Minga and School Visits

The four teams finally split up to do group work with their community partners.  Coffee team is stationed with us, the conservation team, at the thermal pools of Nangulvi.  It is a pretty nice hostel on the edge of Rio Intag and it has a bunch of hot mineral baths that are kept at hot tube temperature by thermal activity.  Although we have the temptation of the baths, we have been keeping busy with our work.  The first day here, we had a minga up in La Florida Reserve which is near the community of La Esperanza.  To reach the area, we had to take a truck up into the mountains and then had to hike 2 hours up some very steep and muddy terrain.  To make it even more strenuous, we each carried about two liters of personal drinking water and also took turns carrying one of the two 6 liter jugs of water we brought, just in case.  Minga is a term for a community gathering where people come together to work on a project that benefits everyone.  Families usually send a person to help with the work and a person to help prepare lunch.  A young woman named Suzanna, who lives part way up the mountain and is a friend of the team, provided lunch for us.  When provided food, you are expected to finish everything given to you although the proportions are huge! If you do not eat all of your food , you run the risk of either offending the woman since you must not like your food enough to eat it all or worrying them because you must not be okay if you cannot eat it all.  Sometimes the woman will tell you that you will not be able to have kids if you do not eat well and finish your food.  By the end of lunch, we were all uncomfortably full.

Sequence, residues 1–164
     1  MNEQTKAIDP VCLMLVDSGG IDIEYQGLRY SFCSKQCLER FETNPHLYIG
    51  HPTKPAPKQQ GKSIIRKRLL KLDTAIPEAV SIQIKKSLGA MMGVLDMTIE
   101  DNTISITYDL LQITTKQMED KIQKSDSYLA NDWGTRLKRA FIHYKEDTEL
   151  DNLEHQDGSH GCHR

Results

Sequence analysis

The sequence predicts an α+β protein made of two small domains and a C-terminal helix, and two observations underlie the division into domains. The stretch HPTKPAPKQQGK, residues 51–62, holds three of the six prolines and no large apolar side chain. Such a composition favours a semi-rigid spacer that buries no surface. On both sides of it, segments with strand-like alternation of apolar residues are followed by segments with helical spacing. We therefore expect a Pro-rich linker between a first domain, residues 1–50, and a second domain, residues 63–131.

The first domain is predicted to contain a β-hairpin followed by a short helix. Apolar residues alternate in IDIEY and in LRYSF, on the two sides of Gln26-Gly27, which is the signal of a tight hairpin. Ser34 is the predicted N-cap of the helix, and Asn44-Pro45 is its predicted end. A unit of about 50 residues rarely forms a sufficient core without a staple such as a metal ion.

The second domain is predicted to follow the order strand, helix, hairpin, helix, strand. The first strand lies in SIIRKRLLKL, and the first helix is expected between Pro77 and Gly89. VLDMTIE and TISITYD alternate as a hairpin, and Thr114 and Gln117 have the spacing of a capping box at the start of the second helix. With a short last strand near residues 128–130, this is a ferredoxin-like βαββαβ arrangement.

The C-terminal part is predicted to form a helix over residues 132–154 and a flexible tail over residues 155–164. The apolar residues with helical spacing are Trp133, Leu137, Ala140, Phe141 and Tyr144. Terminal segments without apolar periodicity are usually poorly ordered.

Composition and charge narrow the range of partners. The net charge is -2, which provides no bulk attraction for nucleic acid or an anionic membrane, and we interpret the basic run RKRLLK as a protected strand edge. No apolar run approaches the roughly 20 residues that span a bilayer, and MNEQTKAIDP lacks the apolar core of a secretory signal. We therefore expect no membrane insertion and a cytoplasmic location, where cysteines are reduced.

The work we did consisted of managing trees that were planted a year or two ago in an attempt to reforest the slope.  We used machetes to clear the tall overgrowth around the trees and we replaced some of the trees that had died.  I am not sure how much we actually helped but, if nothing else, we were definitely a source of entertainment for the guys as we swung our machetes around.  Right away, it was obvious that we were the only girls helping out with the work.  For the most part, all of the guys were fine with us helping out and they gladly taught us how to cut the weeds around the trees.  There was just one man who appeared to be quite displeased with our presence and leaved shortly after we arrived.  Apparently while we were introducing ourselves, he ordered one of us to fetch him water but luckily most of us either did not hear him or chose to ignore him.  Gender dynamics have been interesting so far.  Although gender roles are very much evident in the culture and daily life here, I personally have not had too much of a problem while working with our in-country partners.  That being said, there have been a few instances that our team (which happens to be all female) has felt that we have not been given the same attentiveness or even the same amount of time while presenting our work in a co-gendered group setting.

Another day was spent visiting school and teaching kids about the water cycle.  We spent the first half of our lesson drawing out and explaining the cycle after which we would take the children outside to play a few related field games to reinforce the class work.  It was a lot of fun to interact and hang out with all of the kids.  The first class we visited was fairly large and had kids whose ages ranged from 5-12 years old, all of which were taught in the same room.  The second school’s class was much smaller and did not have as obvious of an age gap.  The resultant difference in education was observable; the kids in the second school seemed to generally be more knowledgeable on the water cycle and were more receptive to answering questions.  Overall, it seemed that the children really enjoyed getting out and playing the games and it was interesting to get a look at the local school system.

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